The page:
In commercial prints the halftone dots are seldom placed exactly at their corresponding positions in the digital bitmap, mostly due to the imprecise transportation of the printing substrate. In this study, we firstly present an image processing model to measure the displacement of the dots in different color separations by using a high resolution camera. By using a filter wheel equipped with a set of interference filters and sending light in different wavelength bands, it is possible to separate the different color inks. For example, for the combination of cyan and magenta inks, only cyan will be visible in the captured image if the wavelength band of the incoming light is concentrated around 700 nm. On the other hand, for the wavelength band concentrated around 500 nm only magenta will be visible. By comparing the positions of the dots in the captured images with those in the original bitmap we can measure register shift. Secondly in this study, we investigate how misregistration affects the color appearance of the final print for different halftoning techniques. We use AM, FM first generation and FM 2nd generation halftoning methods and investigate and compare their sensitivity to register shift.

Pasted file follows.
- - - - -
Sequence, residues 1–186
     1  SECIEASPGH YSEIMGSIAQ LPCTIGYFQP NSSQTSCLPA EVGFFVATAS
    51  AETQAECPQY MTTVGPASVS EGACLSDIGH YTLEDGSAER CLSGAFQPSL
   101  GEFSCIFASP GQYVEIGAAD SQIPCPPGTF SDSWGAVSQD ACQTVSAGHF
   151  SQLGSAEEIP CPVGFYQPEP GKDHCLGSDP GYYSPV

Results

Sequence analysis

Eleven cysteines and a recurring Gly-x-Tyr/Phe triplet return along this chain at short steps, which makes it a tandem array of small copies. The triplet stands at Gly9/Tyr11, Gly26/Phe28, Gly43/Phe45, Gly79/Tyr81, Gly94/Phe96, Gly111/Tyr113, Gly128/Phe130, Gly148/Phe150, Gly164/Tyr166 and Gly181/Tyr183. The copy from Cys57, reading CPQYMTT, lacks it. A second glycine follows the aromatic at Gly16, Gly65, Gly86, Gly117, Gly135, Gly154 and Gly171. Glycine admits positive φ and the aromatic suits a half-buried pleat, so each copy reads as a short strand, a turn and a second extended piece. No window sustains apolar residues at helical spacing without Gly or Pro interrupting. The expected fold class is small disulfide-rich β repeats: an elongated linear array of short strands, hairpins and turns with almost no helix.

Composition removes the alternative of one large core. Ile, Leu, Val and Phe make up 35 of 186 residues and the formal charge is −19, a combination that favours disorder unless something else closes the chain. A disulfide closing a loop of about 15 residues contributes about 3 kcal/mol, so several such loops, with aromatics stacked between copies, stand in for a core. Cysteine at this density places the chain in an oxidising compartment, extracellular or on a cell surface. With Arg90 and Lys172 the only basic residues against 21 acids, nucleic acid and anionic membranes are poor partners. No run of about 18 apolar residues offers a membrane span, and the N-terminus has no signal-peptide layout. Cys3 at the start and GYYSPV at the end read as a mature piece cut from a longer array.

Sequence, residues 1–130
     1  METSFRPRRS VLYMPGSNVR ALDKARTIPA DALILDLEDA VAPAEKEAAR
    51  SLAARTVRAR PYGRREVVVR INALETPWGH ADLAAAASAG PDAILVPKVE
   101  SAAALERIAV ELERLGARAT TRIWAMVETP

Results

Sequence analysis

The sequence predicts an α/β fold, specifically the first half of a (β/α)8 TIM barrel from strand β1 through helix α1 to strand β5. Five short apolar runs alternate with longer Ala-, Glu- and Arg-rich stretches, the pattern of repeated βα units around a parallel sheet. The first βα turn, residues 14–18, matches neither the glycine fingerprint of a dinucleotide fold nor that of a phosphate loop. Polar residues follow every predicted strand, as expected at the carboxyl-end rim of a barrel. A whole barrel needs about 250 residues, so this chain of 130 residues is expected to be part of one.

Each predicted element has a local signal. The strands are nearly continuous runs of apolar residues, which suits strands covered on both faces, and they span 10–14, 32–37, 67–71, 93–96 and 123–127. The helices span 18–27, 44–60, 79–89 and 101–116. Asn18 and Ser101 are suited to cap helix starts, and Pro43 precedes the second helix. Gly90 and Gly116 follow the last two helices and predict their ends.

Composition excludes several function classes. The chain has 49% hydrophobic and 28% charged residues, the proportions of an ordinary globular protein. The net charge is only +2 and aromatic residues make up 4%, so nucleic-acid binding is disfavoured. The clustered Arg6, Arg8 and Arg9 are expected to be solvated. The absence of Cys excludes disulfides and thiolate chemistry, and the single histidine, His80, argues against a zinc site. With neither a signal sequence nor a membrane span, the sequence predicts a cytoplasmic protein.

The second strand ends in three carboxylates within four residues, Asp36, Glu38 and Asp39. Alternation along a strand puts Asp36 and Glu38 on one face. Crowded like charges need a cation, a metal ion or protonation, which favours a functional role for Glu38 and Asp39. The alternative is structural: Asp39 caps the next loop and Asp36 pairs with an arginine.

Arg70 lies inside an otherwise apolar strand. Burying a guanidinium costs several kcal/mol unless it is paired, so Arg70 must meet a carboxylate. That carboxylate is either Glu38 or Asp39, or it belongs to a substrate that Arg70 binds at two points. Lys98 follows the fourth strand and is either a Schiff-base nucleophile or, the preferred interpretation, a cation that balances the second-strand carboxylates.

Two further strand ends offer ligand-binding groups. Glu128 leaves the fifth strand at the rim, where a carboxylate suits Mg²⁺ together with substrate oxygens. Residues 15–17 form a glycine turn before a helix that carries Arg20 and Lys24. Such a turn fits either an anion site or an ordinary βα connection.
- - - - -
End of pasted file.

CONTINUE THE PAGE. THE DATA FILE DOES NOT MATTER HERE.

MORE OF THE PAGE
In the present work we measure the register shift for color patches printed in offset by the proposed image processing model. In order to study the effect of misregistration on the resulting color appearance we first simulate the misregistration in the digital bitmap. Then we print the simulated bitmap using an office laser printer. Since the misregistration is usually negligible for digital prints, especially in lower resolution, we can examine the accuracy of our model for measuring dot displacement by comparing the simulated displacement with the measured one. Finally, by using a spectrophotometer to measure color coordinates, we can study the effect of misregistration on the resulting color appearance for different halftoning methods by calculating the DElab color difference.